Digital smile makeovers
- Using dental crowns to repair wear caused by tooth clenching and grinding (bruxism).
The smiles of people who clench and grind their teeth typically have a characteristic wear pattern.
The digital makeovers on this page provide examples of this look. They also explain how dental crowns can be used to repair this type of damage and restore the smile back to a more normal, youthful appearance.
Case #1: Making a smile look youthful again.
a) Dental history and concerns:
When looking at this "before" picture, any dentist would quickly conclude that this person has a bruxing habit.
The term "bruxing" means that this person clenches and grinds their teeth. This may be something they do subconsciously during their waking hours or else while they sleep, or both.
The usual wear pattern.
People who have this habit frequently have similar looking smiles:
a) The look of normal smiles.
When looking at a person's 6 upper front teeth:
- Their central incisors (center teeth) are usually about the same length as their cuspids (eyeteeth).
- Their lateral incisors (the teeth in between the centrals and cuspids) are just a little bit shorter.
- This is the look we've illustrated in this case's "after" picture below.
b) The smiles of bruxers.
When teeth are worn from clenching and grinding:
- All of the upper front teeth frequently have the exact same length.
- Instead of having gently rounded contours, their biting edges are usually straight across.
- It's often easy to imagine how the very straight biting edges of the lower teeth match up exactly with the straight edges of the upper ones. (This is the position the teeth are held in when the person grinds.)
- Both of the "before" pictures on this page show this characteristic pattern.
b) Treatment solutions:
1) Restoring the relative lengths of the teeth.
Our "after" picture shows how a dentist might rebuild this person's teeth by way of placing dental crowns.
The goal would be to return the teeth to relative lengths that give this smile a more normal and youthful appearance. (Central incisors and canines close to the same length with the lateral incisors just a little bit shorter.)
2) Dental crowns would probably make the best choice.
In situations where a patient's tooth wear has been caused by bruxism, the dentist may be limited as to what type of restorations they should place. That's because those chosen need to be able to withstand the extreme forces caused by tooth clenching and grinding.
With this case, dental crowns would probably make the most durable, longest-lasting choice (as opposed to porcelain veneers or dental bonding).
3) This patient's bruxing must be controlled.
It's important for a patient to understand that whether or not they have repair work performed, if their tooth grinding continues some type of tooth or restoration wear and damage will continue to occur. The habit needs to be controlled.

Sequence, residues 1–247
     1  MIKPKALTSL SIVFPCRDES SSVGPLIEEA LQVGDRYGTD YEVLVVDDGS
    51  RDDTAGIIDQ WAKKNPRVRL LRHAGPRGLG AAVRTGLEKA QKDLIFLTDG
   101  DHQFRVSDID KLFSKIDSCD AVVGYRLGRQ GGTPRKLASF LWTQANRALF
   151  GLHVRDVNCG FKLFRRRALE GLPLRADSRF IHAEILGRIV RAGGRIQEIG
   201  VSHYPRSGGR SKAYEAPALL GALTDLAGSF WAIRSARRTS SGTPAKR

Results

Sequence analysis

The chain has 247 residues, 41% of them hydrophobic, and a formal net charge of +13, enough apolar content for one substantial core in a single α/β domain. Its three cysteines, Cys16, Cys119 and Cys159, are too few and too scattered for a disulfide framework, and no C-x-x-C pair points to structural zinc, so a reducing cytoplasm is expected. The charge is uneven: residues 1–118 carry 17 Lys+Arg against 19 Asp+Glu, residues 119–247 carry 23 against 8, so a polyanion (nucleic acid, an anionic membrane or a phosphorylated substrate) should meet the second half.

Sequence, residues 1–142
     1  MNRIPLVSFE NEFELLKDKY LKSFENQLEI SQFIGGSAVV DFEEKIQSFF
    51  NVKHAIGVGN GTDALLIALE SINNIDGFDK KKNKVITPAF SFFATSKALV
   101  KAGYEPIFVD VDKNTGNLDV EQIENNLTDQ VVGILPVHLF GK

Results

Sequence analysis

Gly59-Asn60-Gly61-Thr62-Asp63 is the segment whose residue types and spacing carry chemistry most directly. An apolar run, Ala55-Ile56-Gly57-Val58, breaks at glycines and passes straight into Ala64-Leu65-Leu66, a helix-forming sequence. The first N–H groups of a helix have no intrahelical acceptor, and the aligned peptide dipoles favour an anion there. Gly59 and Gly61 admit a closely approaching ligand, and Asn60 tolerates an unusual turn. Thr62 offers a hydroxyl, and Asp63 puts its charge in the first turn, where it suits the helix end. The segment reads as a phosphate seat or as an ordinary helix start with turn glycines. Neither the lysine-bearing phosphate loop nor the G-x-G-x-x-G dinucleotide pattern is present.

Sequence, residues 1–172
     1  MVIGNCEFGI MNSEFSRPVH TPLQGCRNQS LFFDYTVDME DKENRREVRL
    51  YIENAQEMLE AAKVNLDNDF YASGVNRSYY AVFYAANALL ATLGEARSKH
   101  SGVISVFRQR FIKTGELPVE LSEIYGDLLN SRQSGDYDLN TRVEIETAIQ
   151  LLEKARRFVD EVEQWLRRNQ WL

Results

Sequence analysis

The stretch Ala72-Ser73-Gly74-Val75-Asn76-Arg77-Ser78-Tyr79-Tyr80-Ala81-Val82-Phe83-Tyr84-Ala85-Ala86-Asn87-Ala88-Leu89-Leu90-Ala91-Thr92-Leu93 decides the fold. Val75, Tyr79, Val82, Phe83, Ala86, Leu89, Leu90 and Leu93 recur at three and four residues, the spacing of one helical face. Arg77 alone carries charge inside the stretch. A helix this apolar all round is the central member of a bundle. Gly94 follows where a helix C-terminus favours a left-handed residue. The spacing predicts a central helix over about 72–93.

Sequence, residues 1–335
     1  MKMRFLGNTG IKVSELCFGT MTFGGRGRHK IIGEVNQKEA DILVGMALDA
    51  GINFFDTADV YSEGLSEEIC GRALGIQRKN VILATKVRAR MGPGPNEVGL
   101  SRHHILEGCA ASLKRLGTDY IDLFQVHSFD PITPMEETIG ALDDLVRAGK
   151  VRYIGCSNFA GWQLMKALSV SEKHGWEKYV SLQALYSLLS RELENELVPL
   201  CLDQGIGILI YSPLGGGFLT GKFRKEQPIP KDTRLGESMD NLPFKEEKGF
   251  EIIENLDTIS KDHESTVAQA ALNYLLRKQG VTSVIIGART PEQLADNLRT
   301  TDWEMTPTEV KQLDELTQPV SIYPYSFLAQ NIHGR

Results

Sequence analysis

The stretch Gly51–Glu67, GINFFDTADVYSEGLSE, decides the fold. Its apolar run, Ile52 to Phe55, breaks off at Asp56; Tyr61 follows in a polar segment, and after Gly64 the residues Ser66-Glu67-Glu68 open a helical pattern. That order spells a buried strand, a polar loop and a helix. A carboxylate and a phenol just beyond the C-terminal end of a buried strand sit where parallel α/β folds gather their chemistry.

It's possible that by bringing their problem to their attention, this person might be able to control their bruxing during their waking hours. More likely, and especially for use when they sleep, they should probably have a nightguard appliance made.
Case #2: A second bruxism case.
a) Dental history and concerns:
Just as with the case above, any dentist looking at this "before" picture would immediately come to the conclusion that this person has a serious tooth-grinding habit.
You can literally see how the flat, worn biting edges of the lower teeth match the flat, worn surfaces of the upper teeth. (When this person does their grinding, they hold their jaw just slightly to their left.)
It's a simple equation; prolonged tooth-to-tooth contact = tooth wear. With this case, it looks like five of the six upper teeth have simply been ground off. In effect, they have been.
No doubt you've also noticed that the "before" picture shows that one of the front teeth is noticeably darker than the others.
This is probably an indication that the tooth has had (or needs) root canal treatment. For our discussion here, this is simply a side issue.
b) Treatment solutions:
Restoring the teeth with crowns.
Because of the great strength that they can offer, dental crowns (like porcelain-fused-to-metal ones) would probably make the most durable, lasting choice for treating this case.
Just like with the case above, the crowns would be used to restore the relative lengths of the teeth back to a more normal configuration (one where the central incisors and canines have a similar length and the lateral incisors are just a little bit shorter).
And also just like above, the extent to which the teeth can changed will be dictated (and possibly limited) by this person's bite.
The tooth grinding must be controlled.
Just as with the case above, the key to the long-term success of this case is simply controlling, or at least minimizing, this person's bruxing habit.
If it's not, while the nature of the future problems may change, some type of damage (either tooth or restoration) will continue to occur.
Other treatment considerations.
Dental bonding would probably make a suitable choice for closing the spaces between the lower teeth. It's not as strong and lasting as other types of dental restorations (like crowns). But most of the wear and tear associated with this mouth is on the biting and chewing surfaces of the teeth, not in between.
We're assuming that the dark tooth has had the root canal therapy it requires. Placing a dental crown (possibly in conjunction with a dental post and core) will complete its treatment.
View more makeovers -